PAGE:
As a loss function, we used a combined metric to achieve learning stability: Binary CrossEntropy and Dice Coefficient. You can read more about the Dice coefficient here, and the formula for the loss function is given below.
LOSS = BCE - ln(DICE)
Weights for trained models can be downloaded here.
We decided to test the obtained models on the three data sets described above, to check the generalization of the models and their efficiency. We compared the results with 2 other models: FaceForensics++ classifier (Xception) [trained on the FaceForensics++ dataset] and Efficientnetb7_dfdc [trained on the Kaggle dataset]. Unfortunately, the implementations of existing approaches for fake localization presented in [1, 2] are not publicly available now.
First, consider the results of segmentation. We use the Dice coefficient to measure model performance (we remind you that the best value is 1, and the worst is 0).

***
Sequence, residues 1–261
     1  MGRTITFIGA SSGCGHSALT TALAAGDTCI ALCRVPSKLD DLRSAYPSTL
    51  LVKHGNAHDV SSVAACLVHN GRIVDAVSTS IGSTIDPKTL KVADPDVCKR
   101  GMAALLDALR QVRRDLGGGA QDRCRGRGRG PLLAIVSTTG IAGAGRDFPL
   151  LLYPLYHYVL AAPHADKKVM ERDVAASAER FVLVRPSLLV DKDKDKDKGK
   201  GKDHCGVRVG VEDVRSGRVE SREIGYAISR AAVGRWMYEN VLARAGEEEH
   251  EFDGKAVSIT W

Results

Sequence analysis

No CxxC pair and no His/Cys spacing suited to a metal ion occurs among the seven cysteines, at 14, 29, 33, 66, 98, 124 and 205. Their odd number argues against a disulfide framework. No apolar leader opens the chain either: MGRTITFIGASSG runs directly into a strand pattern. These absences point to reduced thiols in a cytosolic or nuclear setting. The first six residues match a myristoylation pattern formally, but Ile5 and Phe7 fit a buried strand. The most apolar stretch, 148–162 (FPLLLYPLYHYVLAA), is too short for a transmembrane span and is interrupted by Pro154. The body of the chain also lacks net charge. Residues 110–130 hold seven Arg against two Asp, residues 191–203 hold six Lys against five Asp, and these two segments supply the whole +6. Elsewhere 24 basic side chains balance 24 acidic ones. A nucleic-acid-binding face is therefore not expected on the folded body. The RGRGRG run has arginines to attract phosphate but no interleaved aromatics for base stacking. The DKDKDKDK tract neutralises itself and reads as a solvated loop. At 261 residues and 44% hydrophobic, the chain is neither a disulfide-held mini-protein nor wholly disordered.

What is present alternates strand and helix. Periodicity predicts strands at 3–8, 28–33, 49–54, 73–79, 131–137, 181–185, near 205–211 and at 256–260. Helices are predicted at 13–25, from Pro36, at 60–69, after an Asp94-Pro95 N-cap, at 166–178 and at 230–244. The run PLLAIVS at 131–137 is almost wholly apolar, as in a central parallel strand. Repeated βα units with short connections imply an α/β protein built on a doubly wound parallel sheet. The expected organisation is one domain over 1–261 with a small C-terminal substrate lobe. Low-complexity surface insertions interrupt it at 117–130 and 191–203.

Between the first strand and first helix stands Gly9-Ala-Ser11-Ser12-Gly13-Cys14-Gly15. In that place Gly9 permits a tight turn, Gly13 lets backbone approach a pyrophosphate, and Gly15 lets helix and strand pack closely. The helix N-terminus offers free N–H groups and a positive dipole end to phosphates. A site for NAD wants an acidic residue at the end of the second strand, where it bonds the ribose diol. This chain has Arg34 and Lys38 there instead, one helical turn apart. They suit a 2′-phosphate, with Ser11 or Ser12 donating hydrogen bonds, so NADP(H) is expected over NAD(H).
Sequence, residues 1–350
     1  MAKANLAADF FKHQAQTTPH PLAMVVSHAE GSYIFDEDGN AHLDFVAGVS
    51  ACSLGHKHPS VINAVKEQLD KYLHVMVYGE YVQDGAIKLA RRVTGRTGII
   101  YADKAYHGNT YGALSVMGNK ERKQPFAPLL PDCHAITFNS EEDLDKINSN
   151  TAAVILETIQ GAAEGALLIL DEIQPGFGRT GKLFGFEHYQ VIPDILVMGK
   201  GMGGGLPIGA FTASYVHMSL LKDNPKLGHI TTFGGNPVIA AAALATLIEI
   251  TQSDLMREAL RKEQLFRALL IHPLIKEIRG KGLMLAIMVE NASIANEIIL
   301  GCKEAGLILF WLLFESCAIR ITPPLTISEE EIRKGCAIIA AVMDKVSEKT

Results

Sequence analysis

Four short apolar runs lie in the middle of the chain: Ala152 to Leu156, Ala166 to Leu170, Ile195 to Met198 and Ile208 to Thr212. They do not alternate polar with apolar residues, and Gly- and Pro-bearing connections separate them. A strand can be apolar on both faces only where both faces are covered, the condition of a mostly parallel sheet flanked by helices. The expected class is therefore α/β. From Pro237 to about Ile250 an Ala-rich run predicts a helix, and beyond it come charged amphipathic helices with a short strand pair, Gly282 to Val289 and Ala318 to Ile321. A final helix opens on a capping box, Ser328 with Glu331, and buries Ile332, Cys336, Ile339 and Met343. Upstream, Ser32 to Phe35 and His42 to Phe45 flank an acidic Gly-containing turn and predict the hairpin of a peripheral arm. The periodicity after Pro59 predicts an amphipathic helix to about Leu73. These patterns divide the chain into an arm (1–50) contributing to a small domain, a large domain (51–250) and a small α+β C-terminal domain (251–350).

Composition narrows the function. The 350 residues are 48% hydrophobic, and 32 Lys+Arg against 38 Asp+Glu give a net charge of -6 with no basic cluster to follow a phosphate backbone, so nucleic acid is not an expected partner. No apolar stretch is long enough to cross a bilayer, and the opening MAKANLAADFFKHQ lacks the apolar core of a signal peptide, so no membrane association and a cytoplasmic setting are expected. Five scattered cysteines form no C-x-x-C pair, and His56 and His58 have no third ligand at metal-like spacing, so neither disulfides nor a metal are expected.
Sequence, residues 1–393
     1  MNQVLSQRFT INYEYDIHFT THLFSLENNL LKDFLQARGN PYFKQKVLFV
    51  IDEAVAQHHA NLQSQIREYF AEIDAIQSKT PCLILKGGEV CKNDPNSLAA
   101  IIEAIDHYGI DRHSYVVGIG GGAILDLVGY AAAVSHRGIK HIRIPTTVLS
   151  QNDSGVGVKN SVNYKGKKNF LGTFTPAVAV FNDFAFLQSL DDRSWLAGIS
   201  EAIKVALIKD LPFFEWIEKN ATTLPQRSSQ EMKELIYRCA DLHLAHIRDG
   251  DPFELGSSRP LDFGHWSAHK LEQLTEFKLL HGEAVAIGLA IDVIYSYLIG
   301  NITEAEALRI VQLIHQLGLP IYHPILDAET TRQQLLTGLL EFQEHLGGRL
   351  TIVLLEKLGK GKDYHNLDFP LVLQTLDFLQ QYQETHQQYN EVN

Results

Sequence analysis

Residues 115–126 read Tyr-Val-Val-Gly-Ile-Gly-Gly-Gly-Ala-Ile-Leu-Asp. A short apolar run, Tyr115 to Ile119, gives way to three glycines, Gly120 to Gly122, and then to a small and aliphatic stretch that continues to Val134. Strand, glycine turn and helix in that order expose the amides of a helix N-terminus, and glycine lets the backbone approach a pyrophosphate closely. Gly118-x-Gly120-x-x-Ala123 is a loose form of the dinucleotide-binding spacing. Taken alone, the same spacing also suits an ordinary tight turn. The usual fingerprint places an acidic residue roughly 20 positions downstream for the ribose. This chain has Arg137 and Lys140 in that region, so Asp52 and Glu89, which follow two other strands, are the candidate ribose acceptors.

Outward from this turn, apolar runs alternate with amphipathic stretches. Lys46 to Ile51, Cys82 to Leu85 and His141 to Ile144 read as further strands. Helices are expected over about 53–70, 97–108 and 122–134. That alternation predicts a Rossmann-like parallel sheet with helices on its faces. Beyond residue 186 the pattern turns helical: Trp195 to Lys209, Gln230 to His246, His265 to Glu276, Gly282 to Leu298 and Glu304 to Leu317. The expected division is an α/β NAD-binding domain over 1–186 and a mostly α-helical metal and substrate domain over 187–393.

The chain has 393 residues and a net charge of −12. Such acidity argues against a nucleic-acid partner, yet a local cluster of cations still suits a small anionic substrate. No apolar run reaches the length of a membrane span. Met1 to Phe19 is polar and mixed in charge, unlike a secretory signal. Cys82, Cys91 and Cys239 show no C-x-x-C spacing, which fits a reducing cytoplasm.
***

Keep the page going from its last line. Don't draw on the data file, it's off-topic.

The low score is caused by a large number of incorrect fake predictions. Also, the really low value of the Dice coefficient on the Deep Fake Detection Dataset and FaceForensics++ Dataset is due to the fact that almost the entire faces were replaced in these images, while our network was trained on images where only certain parts of the face were replaced. However, despite the low value of the Dice coefficient, our network can still detect fakes as you can see above.
Based on the segmentation of our models, we will classify frames according to the frame classification rule: network confidence > threshold and connected components with more than 100 points. We selected the best threshold for Unet: 0.95 and Unet_v1: 0.5 using the grid search.
Based on the segmentation, you can also make a video classification according to the video classification rule: If more than half of the frames of a video are classified as fake (see frame classification rule above), then the video is fake. The results are below.
In the context of fake detection, precision tells us how many frames or videos are actual fakes among all the ones we detected as fakes, and recall tells us how many actual fake frames or videos stayed unnoticed (if recall is 1, it means that no actual fake stayed undetected).
Considering that we used only part of the Kaggle dataset available, and no other dataset, the results obtained are quite promising.
The classifiers give, generally speaking, better results for both frame classification and video classification, but at the same time they do not give a complete picture for fake analysis as the one that can be obtained with segmentation.